And it’s just one of many at GACO that Brown and his board of directors have steered the organization toward.
Grand Avenue Community Outreach sets its own path forward
Like the cafe that puts its profits toward funding for GACO’s other community-focused services – a free medical clinic, dental clinic, food pantry and clothing outreach – GACO itself has gone through a rebranding.
The five-story building used to be home to the Dream Center. Before that, it was The Hotel, and Tangney Hotel before that.
The Dream Center started some of the much-needed and popular services that GACO has maintained.
But the Dream Center also had a faith-based treatment program, which came under scrutiny following a suicide attempt by a program participant in 2016. Accusations – and a conviction – of sexual exploitation by the Dream Center’s then-leader followed. The program was ended when the former leader left.
In October 2017, the Dream Center’s name was changed to Grand Avenue Community Outreach. Over time, the organization has begun the process of making a name for itself, while still maintaining some of the programs that were first made successful when it was known by its former name.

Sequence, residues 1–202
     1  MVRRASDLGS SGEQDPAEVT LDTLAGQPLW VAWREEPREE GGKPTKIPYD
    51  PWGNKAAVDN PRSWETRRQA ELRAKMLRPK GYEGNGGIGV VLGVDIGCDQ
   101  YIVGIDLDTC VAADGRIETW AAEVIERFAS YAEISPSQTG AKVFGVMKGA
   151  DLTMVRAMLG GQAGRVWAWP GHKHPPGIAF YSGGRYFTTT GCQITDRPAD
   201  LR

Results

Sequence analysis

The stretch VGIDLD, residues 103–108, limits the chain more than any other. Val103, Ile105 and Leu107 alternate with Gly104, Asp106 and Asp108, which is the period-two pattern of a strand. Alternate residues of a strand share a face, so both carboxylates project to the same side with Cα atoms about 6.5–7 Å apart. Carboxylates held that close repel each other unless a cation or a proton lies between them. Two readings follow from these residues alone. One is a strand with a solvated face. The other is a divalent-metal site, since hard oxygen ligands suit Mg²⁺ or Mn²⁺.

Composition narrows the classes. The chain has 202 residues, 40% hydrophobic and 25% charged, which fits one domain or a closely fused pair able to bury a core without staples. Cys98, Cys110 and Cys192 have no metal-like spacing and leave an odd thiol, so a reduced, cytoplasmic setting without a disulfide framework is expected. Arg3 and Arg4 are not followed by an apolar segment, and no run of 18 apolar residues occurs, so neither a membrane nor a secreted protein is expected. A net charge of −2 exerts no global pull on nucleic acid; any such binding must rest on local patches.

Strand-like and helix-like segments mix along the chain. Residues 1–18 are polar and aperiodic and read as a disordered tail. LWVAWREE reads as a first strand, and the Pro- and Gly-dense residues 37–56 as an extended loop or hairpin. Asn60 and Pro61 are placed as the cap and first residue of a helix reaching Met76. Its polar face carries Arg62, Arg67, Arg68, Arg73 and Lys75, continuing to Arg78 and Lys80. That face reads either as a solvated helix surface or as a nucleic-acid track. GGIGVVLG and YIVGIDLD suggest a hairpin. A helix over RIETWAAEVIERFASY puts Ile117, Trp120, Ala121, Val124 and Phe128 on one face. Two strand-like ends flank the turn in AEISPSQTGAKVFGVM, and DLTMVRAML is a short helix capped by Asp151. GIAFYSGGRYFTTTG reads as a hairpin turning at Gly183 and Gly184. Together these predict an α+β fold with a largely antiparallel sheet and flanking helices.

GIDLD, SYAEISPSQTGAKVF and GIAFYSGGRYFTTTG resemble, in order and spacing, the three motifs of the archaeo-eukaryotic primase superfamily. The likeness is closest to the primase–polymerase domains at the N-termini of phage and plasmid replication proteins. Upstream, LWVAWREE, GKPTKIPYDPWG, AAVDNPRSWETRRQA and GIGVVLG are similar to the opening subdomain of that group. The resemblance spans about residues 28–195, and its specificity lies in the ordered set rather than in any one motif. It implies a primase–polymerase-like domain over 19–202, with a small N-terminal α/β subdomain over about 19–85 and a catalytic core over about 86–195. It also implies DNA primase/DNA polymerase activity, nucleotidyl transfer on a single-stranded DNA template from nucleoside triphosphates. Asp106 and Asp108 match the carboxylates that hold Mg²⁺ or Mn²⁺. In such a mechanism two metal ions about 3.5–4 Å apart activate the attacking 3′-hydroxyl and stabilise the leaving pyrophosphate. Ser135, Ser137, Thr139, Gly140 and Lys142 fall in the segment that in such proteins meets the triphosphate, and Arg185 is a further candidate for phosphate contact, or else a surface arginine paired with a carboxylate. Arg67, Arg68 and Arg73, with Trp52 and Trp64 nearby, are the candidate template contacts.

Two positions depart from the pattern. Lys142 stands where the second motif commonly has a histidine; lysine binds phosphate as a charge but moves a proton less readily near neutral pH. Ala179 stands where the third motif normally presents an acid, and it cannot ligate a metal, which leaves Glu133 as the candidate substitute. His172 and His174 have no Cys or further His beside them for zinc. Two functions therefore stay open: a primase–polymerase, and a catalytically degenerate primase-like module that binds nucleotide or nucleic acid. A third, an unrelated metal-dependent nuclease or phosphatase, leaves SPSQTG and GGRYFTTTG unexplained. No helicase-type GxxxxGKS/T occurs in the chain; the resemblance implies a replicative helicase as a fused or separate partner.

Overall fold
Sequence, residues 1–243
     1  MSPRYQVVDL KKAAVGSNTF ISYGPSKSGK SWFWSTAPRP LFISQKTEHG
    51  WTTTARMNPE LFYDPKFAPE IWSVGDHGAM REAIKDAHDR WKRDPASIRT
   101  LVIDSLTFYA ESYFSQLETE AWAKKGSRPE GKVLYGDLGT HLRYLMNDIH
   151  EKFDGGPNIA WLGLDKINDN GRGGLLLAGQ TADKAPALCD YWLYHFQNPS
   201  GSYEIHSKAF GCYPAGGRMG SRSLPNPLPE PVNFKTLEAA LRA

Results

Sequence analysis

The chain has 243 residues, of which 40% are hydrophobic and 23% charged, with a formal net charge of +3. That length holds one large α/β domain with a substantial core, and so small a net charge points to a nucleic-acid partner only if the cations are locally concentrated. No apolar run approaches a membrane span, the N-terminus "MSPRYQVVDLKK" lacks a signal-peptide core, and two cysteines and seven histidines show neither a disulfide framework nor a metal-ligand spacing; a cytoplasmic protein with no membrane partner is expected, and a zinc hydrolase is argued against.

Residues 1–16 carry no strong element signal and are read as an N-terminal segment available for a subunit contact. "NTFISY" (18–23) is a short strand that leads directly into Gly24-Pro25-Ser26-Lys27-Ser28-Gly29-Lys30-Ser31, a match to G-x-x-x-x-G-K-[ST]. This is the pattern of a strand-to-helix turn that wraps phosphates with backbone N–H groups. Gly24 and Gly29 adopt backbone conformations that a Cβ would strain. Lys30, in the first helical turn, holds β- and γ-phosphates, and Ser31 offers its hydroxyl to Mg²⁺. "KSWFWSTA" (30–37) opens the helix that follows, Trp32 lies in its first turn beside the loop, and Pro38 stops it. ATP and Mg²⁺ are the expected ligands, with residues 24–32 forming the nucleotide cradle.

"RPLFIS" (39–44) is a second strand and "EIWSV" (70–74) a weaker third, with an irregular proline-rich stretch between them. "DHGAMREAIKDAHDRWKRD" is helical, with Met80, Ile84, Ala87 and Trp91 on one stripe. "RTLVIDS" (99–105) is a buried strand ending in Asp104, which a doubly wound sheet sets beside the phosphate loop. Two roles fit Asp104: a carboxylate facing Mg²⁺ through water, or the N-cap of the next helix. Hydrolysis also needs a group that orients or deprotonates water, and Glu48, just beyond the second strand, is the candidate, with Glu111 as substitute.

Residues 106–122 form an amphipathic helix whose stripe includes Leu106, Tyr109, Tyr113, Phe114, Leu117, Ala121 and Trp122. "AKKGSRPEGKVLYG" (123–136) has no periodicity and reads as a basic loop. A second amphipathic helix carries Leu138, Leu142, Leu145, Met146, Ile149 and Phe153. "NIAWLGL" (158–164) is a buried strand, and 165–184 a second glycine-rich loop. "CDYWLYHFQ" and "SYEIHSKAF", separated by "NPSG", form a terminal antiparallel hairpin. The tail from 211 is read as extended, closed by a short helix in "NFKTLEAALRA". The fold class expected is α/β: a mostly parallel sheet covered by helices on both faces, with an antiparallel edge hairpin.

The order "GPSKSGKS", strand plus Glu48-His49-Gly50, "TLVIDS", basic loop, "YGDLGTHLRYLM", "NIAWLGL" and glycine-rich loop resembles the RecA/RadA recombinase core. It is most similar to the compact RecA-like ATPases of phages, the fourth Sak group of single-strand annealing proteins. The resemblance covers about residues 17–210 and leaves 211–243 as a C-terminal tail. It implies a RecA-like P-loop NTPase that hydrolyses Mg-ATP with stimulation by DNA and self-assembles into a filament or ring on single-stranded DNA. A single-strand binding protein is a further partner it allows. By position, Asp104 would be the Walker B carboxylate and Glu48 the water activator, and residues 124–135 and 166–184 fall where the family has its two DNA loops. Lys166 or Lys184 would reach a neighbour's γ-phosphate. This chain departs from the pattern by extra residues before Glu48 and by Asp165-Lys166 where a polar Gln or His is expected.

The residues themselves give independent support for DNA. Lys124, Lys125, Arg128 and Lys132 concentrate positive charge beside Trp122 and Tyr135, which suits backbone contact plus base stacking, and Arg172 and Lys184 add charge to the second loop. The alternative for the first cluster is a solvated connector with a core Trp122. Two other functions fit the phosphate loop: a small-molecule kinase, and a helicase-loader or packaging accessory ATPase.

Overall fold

“There were things of that (Dream Center) vision that worked and there were things that didn’t work,” Brown said. “We kept the things that did work.”
Now, GACO provides its programs – like the food pantry that sends out two tons of food per month and the clothing outreach that distributes 2,000 articles per month – that provide undeniable benefits to the community. The free medical and dental clinics are as needed as ever, too, and have not gone anywhere.
Other services that were once offered in the building, such as temporary housing and treatment programs, aren’t offered yet. If they are in the future, then GACO will leave that to experts, Brown said.
“The biggest difference – and I can’t stress this enough because I don’t think people fully understand yet – is instead of us doing and providing all these services, we are providing the space for the experts to do these services,” Browns said. “That’s huge.”
Bringing other organizations under the same roof
Providing a space for experts and other service providers has already become a focus.
First came Birthright shortly after Brown became director. That nonprofit, which provides information and help for pregnant women and women who believe they may be pregnant, is now on the second floor.
“They saw what we were doing and they saw our mission,” Brown said.
Birthright also needed more space, he added. But when they moved into the GACO building, they became involved with their neighbors on the floor – the clinics, clothing outreach and food pantry.